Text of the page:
Saturday, June 13, 2009
The Front Porch Coffee & The Girl Who Keeps Me Awake All Morning
Nearly every morning of the business week I begin my day at the Front Porch Cafe in Nags Head with a large cup of coffee. This singular event provides enough energy to propel me through the lunch hour without falling asleep at my desk. On many days, driving past the Nags Head store one notices the peculiar scent of coffee being roasted. And that is how the Front Porch rolls...they source only green Arabica coffee beans from all over the world, roast them at the Nags Head location, and turn them into delightful blends or single bean brews. You can buy the product "to go", or by the bag either ground or with whole-roasted beans.
My wife and I toured a coffee plantation in Queensland, Australia back in 2007. In 2008, Paul Manning, the owner/founder of the Front Porch came to our Rotary club and explained the various aspects of coffee; from sourcing the beans, the differences in flavors, roasting, and other aspects of making good coffee. In addition, he introduced many of us to the concept of Fair Trade and sustainable/environmental growth practices that directly benefit the coffee farmers in what are relatively poor countries, as well as the overall environment.
To me, the blending and crafting of coffee was a lot like wine making. The roaster has to balance complexities such as bitterness, acidity, strong and mild flavors, the characteristics of each type of bean, the length of time the beans are roasted, and how long they are left to evolve after roasting. Not only must she (and yes, I'm getting there) create different varieties of coffee that taste good, each specialty house blend needs to deliver the same consistent flavor over time. The "Ashley's Indonesian Blend" should taste the same on Monday as it does on Friday, and in 2009 as it did in 2008.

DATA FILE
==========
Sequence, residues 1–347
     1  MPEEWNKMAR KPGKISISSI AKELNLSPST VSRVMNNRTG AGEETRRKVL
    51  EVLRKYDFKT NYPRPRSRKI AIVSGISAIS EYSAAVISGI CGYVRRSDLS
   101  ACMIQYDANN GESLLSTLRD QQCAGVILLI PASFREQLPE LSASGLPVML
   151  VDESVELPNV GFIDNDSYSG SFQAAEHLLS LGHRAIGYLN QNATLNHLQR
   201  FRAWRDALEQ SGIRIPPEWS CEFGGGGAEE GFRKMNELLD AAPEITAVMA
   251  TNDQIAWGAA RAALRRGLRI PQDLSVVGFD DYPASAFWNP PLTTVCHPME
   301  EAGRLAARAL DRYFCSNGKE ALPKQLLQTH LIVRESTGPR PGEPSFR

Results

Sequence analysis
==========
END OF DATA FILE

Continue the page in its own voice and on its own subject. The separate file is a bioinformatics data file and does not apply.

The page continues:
Enter Ashley Barnes, a 30 year old surfer, culinary school graduate, and the roaster/blender behind the great tasting Front Porch Coffee. Ashley hails from Key West, Florida, which right off the bat makes her a typical Outer Banks resident. She is a passionate surfer, and has traveled the world chasing waves as well as coffee plantations.
Ashley came to the Outer Banks 6.5 years ago, after graduating from Johnson & Wales in Norfolk, Virginia wih a degree in Culinary Arts. She left Key West in 2000. Before landing a part-time job with the Front Porch in 2003, she worked as a chef at the Blue Point Bar & Grill in Duck, NC. She is now te full-time roaster/blender at the Front Porch.
From my perspective, those people in the fields of wine making, chocolate, high-end tobacco for cigars, and coffee require a super-sensitive palate and a knowledge of how flavors combine. All of the aforementioned products contain both single and blended raw materials. If using a single source (for example, all Columbian beans), Ashley still has to know the characteristics of that bean-how long to roast it, proper temperature, whether it needs to cure overnight--all to bring out the best attributes of the bean.